Surfings early days.
Hawaiians rode waves on wooden hand carved boards, royalty standing up on 16 foot Olo’s and commoners on shorter Alaia boards mostly ridden prone. Peruvians rode waves in when out catching fish on boards made from bundles of reeds tied up.
Hawaiian Duke Kahanamoku delivered surfing to the rest of the world in the early 1930’s, visiting many countires demostrating his surfing skills on a hand carved 10 foot solid wooden finless surfboard. Duke demonstrated the way of the aloha lifestyle and the rest of the world caught on. His famous quote – “out of the water I am nothing”.
Around 1935, Tom Blake, Duke’s good friend and fellow swimmer, drilled holes through one of his heavy redwood boards and covered it with a wood veneer, making it a lot lighter and managable. Blake then made a hollow chambered board, put a fin on it and then patented the model and had it produced by the L.A. Ladder Company and others. This lighter more manouverable board won races, was used as the standard surf rescue board and then developed into a better wave riding board. Tom also wrote the surfers bible Hawaiian Surfriders 1935. Tom worshiped at the church of the open sky and his theory was nature=god.
Around the early 1950’s Californians Joe Quigg, Bob Simmons and Matt Kivlin developed the balsa and fibreglass Malibu Chip and then Dale Velzy starts manufacturing surfboards on a large scale.
Around 1955 the polyurethane foam board was developed and surfing grew like wild fire. In 1963 Midget Farelly wins the prestigeous Makaha championship and then the 1964 World Championships in Manly with style.
At the same time the surf culture grows with Phil Edwards showing style and manouvers and Miki Dora showing us surfing style with attitude. Dora summed up his feelings here – ” I drop in, set the thing up and behind me, all this stuff goes over my back: The screaming parents, teachers, police, priests, politicians – They’re all going over the falls head first … and when it starts to close out, I pull out the back , pick up another wave and do the same goddamn thing”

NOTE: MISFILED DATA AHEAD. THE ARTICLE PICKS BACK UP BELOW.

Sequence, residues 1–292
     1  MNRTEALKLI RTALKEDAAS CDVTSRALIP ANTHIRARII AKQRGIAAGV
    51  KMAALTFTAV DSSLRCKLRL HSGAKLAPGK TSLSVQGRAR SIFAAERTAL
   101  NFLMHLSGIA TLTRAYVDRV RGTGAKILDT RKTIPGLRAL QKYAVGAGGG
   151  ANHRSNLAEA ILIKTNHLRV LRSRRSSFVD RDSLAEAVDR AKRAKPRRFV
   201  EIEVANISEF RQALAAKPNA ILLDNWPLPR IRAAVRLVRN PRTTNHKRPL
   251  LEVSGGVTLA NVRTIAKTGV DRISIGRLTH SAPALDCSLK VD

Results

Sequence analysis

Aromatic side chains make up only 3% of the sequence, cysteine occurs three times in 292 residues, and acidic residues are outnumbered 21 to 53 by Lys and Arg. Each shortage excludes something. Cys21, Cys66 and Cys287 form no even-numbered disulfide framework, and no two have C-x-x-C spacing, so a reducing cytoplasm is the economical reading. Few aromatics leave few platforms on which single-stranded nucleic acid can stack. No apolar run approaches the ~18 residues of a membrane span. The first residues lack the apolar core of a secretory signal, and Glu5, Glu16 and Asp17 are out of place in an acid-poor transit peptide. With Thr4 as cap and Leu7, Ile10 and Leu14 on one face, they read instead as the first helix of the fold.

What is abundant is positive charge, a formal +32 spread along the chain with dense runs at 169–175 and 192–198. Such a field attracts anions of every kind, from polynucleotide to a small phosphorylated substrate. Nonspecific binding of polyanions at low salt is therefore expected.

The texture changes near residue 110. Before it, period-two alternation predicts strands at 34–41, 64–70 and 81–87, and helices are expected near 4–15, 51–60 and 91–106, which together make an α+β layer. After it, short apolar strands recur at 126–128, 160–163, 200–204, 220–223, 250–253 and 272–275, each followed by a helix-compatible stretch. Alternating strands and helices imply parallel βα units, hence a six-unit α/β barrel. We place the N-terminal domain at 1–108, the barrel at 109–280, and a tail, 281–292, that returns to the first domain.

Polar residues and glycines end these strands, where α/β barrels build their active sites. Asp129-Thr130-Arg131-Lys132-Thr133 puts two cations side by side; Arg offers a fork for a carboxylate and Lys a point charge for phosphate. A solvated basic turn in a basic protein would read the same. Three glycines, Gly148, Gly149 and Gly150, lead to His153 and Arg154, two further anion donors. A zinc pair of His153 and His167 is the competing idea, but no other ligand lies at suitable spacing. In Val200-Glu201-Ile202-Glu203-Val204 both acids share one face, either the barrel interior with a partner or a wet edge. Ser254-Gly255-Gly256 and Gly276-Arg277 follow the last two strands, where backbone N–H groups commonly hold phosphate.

In 1967 Bob McTavish with Nat Young and George Greenough push surfing into the more serious involvment way of surfing by shortening and thinning and lightening boards with V in the bottom and so they now turn faster. Dick Brewer with team rider Gerry Lopez refine the shorter boards and prove they go in Hawaii’s powerful waves when Brewer narrowed the width of the tail.
From there we got into smaller and lighter boards, all sorts of shapes and settle on the Simon Anderson Tri Fin as the most popular. Four time world chamion Mark Richards rode a combination of board types with success in competitions and his twin fin is still popular.
These days the old and the new co-exist (well almost) with the theory of ride what you like or horses for courses and its common for surfers to have several types of surfing equipment.
My own involvement in surfing started in 1964 as a 14 year old, some of my mates started getting boards and I was surfing with a surf-o-plane. I was lucky to live across the road from the beach. I came home from school one day and my Mum had just returned from walking the dog on the beach and said there was a board washed up down at the second creek. I rushed down and pushed the finless dinged up balsa pig into a few foamies and got hooked and went home and patched it up.
My first surfing lesson:
I never hesitate to pass this lesson on to new starters.
I paddled out into the lineup with the local Redhead mob and straddled my board eagerly waiting my first wave.
A loud voice boomed out at me – “Crow…. F%#@ Off down there…” and I saw a finger pointing away from the rest of the pack towards the deserted southern part of the beach. I stayed away until I could handle the board and its a pity that learners don’t get this same kind of expert advice these days.
Within weeks I had pestered my parents with promises of doing well at school and as an early birthday and christmas presents, into buying me a new board. (I just went to school to draw waves in my books and my birthday and christmas were still 6 and 8 months away respectivly)
I then got to order a 9’3″ Custom Warren Johnson – and it was awsome. No one these days seems to remember Warren’s board shop near Hamilton one of the older Redhead crew put me onto him and I still think this one was great and wish I still had it.
Crow’s first 2 boards 1964
We could’nt wait to get pictures of ourselves surfing, Peter Kuba paddles out with a box browie camera in a plastic bag in his teeth and takes my photo. I am unsure how the camera survived from the look of the wave coming at him. I was wearing the state of the art wet suit of the time, a sleaveless singlet of 5mm hard neopreme rubber that rasped your arm pitts off and you had to put a T shirt under it or risk sawing your arms of as you paddled.
Camping and surfing at Seal Rocks 1964
Crow & R4 Green Knob 1967 Photos by Alan Swadling
Around late 1968 boards started getting shorter . Here Marty and I pose for a shot with our new boards before heading away to try them. Marty had a 7ft10 inch black railed Gordon Woods Pintail and I had an 8ft red railed Sam Egan Tracker with a clear plastic movable fin.
In the 80’s Mals and windsurfing added variety to surfing. Here is my stuff from my garage back then.